Definitions of grief

All of these sentiments find a home on social media, maybe more so than any other social context we find ourselves in. Research points to the idea of sharing being “disinhibited” on social media, where any obvious discomfort in sharing such intimate thoughts of mourning where coworkers, acquaintances, friends, or family might see them is softened by the barrier of a screen (Walter, 2015). I cannot have the local newspaper post an obituary for my deceased dog, but I can dedicate an Instagram post to her, where my friends and family can console me in a time of need and remember her fondly. Maybe I can only vent to my friends for so long about a failed relationship with someone who I truly thought was “the one”, but what is stopping me from commiserating with those in a similar situation on anonymized chatrooms, forums, or Reddit threads? 

What does it imply to post about our losses on social media? Is social media more of a public park, a town square, or a private residence? Is it a performance, any more so than funerals and wakes? Some might call this “grief posting”, a threat to a call for privacy.  Others might see it as radical vulnerability.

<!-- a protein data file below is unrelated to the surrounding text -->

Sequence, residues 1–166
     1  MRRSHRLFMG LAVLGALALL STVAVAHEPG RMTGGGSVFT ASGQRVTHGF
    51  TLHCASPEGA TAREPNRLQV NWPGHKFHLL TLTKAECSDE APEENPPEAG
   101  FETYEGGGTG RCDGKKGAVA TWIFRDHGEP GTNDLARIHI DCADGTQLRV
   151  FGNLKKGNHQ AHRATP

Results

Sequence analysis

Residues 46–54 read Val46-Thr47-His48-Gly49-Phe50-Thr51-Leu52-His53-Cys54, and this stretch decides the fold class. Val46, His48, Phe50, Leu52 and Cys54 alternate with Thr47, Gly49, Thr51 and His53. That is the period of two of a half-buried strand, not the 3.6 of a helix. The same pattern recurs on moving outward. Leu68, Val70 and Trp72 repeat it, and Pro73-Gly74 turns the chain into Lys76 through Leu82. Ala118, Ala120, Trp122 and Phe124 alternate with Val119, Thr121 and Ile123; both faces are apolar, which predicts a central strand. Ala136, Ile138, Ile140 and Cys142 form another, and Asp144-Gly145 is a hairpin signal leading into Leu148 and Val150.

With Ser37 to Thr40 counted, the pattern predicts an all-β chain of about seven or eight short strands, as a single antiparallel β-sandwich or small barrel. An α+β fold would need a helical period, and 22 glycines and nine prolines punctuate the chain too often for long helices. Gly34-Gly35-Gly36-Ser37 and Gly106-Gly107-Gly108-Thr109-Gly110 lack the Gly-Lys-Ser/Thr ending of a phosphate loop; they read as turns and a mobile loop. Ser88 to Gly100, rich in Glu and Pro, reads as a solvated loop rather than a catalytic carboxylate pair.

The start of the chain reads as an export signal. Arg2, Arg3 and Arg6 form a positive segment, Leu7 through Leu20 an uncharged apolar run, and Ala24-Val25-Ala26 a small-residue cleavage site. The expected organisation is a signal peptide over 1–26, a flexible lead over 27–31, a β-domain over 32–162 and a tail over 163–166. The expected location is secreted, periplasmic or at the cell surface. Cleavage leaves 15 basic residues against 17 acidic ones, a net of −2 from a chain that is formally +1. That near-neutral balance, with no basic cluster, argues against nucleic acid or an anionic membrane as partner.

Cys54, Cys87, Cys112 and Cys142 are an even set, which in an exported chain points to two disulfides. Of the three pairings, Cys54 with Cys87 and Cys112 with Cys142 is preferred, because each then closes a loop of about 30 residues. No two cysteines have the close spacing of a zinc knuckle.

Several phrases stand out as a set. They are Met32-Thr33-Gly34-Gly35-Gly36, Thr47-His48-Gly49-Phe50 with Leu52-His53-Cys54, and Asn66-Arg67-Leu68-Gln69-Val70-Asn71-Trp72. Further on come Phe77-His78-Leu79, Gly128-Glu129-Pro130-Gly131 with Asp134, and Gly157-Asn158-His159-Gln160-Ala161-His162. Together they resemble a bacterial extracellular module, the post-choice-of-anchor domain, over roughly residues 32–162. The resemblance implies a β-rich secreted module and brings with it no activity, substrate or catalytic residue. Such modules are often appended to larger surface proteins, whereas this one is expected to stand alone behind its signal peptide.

Grief and the Dual Process Model

Dual Process Model of Grief

If you are a client of mine, the likelihood that you recognize the image below is very high. 

In 1999, researchers Margaret Stroebe and Henk Schut published their Dual Process Model framework as a direct response to the idea of “grief work”, a then-popular idea that a griever must undertake the hard work of tasks and stages, all the while confronting their difficult emotions, should they ever hope to recover from their loss. Stroebe and Schut considered this idea of “grief work” to be vague, inconsiderate of the fluid, dynamic process of coping, and exhausting to an already exhausted griever. Grief work sets expectations for recovery awfully high–proceed neatly through a series of delineated stages, no distractions, no back-sliding, or else what? Suffer under the weight of your grief forever?